The PCSBI report particularly focuses on how genetic information derived in the research setting will be protected from unauthorized disclosure, a project that not only requires the cooperation of researchers and health institutions, but auxiliary participants, such as database managers. Very generally, the U.S. does have norms for the protection of human subjects generally, most notably the Common Rule, which establishes standards to protect human research subjects and is applicable to all federally-funded research. While a patient can rely on HIPAA for some medical privacy, the research subject needs to be protected against the unauthorized disclosure of personally identifiable genetic information outside the medical care setting. One of its most significant recommendations is that no WGS be conducted without the consent of the individual. While that may sound straightforward and sensible, this point is relevant to the uses of surreptitious genetic testing that occur in criminal law, for example, but could be performed in other contexts (e.g., this issue addressed with the pending California bill on genetic privacy, SB 1267, which would “prohibit any person, as defined, from obtaining, analyzing, or disclosing genetic information without the written authorization of the individual to whom the information pertains”). The report notes a very uneven set of protections against unauthorized genetic testing and disclosure across the states. In total, the report calls attention to the wide array of entities that are involved in the processing of genetic information – not only scientific and medical, but third party data handlers – and calls for standardization of informed consent procedures to protect individual choice regarding genetic testing and its disclosure. It asks funders of such research to monitor privacy protections as a part of their review. While the report did focus on the ethical introduction of WGS into wider use, its recommendations are relevant to all types of genetic information and might serve to incorporate privacy safeguards as a routine dimension of genetically-based medical care and research.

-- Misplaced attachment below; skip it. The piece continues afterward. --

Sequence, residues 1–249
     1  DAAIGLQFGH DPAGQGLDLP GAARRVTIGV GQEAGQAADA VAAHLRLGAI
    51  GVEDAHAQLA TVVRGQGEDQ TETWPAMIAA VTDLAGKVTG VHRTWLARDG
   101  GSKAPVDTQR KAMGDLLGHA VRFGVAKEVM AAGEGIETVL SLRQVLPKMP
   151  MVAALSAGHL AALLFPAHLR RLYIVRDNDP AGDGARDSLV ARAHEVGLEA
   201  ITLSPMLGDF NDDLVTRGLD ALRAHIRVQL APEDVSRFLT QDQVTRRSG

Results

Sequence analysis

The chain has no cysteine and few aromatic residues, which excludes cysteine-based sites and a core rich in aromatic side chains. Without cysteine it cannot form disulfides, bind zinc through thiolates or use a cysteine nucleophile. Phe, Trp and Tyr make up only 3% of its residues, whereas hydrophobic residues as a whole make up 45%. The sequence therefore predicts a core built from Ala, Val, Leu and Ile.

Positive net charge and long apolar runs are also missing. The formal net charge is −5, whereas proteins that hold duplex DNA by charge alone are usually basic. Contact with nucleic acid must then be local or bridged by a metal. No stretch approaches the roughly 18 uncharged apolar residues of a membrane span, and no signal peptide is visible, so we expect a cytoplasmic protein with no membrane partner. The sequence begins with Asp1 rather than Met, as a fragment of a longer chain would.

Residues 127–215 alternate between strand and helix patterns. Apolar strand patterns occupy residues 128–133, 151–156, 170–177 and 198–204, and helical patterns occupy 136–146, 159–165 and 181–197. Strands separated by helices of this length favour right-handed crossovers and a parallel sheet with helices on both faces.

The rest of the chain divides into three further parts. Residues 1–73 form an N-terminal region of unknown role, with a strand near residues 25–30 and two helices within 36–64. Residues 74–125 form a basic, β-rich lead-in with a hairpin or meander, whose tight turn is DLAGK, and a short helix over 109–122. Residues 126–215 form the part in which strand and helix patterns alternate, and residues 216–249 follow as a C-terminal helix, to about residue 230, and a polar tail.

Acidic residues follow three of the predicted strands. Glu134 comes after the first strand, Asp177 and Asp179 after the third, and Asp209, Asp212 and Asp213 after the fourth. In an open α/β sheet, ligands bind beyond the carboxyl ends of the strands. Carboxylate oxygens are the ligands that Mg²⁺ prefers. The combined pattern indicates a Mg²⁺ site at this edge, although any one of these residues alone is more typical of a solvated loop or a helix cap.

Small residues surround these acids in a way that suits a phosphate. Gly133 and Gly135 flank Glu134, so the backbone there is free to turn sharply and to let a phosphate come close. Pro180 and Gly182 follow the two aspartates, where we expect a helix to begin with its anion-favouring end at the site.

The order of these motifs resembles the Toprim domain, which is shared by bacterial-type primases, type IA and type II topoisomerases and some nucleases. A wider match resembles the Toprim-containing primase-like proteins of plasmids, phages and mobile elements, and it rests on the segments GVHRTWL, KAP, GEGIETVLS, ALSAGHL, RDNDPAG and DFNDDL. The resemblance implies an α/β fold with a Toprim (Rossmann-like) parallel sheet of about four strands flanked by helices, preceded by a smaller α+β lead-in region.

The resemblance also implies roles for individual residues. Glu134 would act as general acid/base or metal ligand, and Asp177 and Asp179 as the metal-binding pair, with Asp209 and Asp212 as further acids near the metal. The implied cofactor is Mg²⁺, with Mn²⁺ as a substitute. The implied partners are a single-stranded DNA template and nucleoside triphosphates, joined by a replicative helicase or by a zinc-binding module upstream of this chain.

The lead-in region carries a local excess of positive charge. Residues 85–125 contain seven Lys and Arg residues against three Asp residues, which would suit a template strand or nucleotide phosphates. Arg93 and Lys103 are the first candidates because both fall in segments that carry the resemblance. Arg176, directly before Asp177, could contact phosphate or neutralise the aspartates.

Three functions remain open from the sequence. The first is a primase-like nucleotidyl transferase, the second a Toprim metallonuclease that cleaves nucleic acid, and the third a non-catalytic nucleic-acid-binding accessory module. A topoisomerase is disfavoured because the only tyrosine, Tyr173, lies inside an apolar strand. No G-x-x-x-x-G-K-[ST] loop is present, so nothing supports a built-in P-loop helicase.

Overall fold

October 15, 2012

Petition Filed for Supreme Court Review of Federal Funding for Embryonic Stem Cell Research